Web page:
During the period from August 14, 1898, the date of the ceremonial marriage, until February 18, 1929, when deceased died, she and respondent had continuously lived and cohabited as husband and wife, and held each other out as hearing that relation. They never had any children. The record presents a picture of a frugal, hard-working German man and wife. It does not contain a suggestion of any trouble or improper conduct between the parties, other than the fact that their ceremonial marriage was illegal. Their conduct indicates their belief that they occupied the status of legally married persons.

Nothing in the record discloses their state of mind when they entered into the ceremonial marriage except the fact that they voluntarily entered into the solemn obligations of the marriage relation under the form of a valid ceremonial marriage. Whether deceased believed that her first husband, who had run away with another woman and left her in New York, was dead, or whether she supposed that his conduct and the lapse of time had released her from that marriage, we do not know. Neither do we know whether the parties believed that the commencement of the divorce action by respondent's first wife in Germany had resulted in freeing him from that marriage.

We do know that the parties undertook by a formal ceremonial marriage to enter the legal relation of a man and wife. True their relation in the eyes of the law was illegal in violation of section 6 of the Domestic Relations Law (Consol. Laws, c. 14), but it was not intended by the parties to be ‘meretricious in the sense that it was known to the parties to be immoral and unlawful, even if, as a matter of law, it was illegal and void.’ Matter of Crandall's Estate, 214 App. Div. 363, 365, 212 N. Y. S. 210, 211.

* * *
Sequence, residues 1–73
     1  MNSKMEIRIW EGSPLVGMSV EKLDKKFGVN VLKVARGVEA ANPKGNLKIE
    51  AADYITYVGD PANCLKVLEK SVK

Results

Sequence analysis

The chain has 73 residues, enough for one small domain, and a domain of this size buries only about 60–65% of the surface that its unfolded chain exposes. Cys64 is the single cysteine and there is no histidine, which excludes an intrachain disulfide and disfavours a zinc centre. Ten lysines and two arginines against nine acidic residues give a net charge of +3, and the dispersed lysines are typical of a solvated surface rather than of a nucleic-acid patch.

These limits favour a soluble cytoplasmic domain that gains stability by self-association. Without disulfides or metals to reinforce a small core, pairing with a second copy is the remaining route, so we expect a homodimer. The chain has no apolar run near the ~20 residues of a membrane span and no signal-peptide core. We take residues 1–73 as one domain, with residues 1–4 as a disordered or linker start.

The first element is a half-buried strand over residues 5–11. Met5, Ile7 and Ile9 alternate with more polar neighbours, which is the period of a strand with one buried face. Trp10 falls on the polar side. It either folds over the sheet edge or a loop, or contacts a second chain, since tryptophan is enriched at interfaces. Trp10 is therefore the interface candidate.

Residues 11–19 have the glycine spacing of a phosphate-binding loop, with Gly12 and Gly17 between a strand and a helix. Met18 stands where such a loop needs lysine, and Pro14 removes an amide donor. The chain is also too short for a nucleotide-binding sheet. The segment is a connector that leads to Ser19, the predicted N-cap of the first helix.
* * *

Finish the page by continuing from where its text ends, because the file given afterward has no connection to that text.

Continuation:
Common-law marriages have been valid in this state since January 1, 1908, when chapter 742 of the Laws of 1907, which amended the Domestic Relations Law of 1896 (chapter 272), as amended by chapter 339 of the Laws of 1901, became effective. Matter of Ziegler v. P. Cassidy's Sons, 220 N. Y. 98, 115 N. E. 471, Ann. Cas. 1917E, 248;Domestic Relations Law of 1909, § 10.

A common-law marriage is not required to be proved in any particular way. It is sufficient if the evidence establishes that legally competent parties in praesenti intended to become husband and wife and thereafter lived and cohabited as husband and wife. The ceremonial marriage evidenced the intent of the deceased and respondent to enter into a legal and honorable state of matrimony.

For thirty years they lived...

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24 cases
  • Sanseri v. Sanseri
    • United States
    • New York Supreme Court
    • 6 Abril 2015
    ...to become husband and wife and thereafter lived and cohabited as husband and wife, such a marriage existed. Matter of Haffner, 254 N.Y. 238, 242, 172 N.E. 483 (1930). In attempting to decide whether to create marital obligations for couples living without the benefit of a formalized marriag......
  • Sanseri v. Sanseri
    • United States
    • New York Supreme Court
    • 6 Abril 2015
    ...to become husband and wife and thereafter lived and cohabited as husband and wife, such a marriage existed. Matter of Haffner, 254 N.Y. 238, 242, 172 N.E. 483 (1930). In attempting to decide whether to create marital obligations for couples living without the benefit of a formalized marriag......
  • Ventura v. Ventura
    • United States
    • New York Supreme Court
    • 12 Mayo 1967
    ...in Matter of Wells' Estate, 123 App.Div. 79, 108 N.Y.S. 164, affd. 194 N.Y. 548, 87 N.E. 1129 and iterated in Matter of Haffner's Estate, 254 N.Y. 238, 242, 172 N.E. 483, 484. There, the Court of Appeals stated that a 'common-law marriage is not required to be proved in any particular way. ......
  • Carson v. Fed. Reserve Bank of New York
    • United States
    • New York Court of Appeals Court of Appeals
    • 8 Julio 1930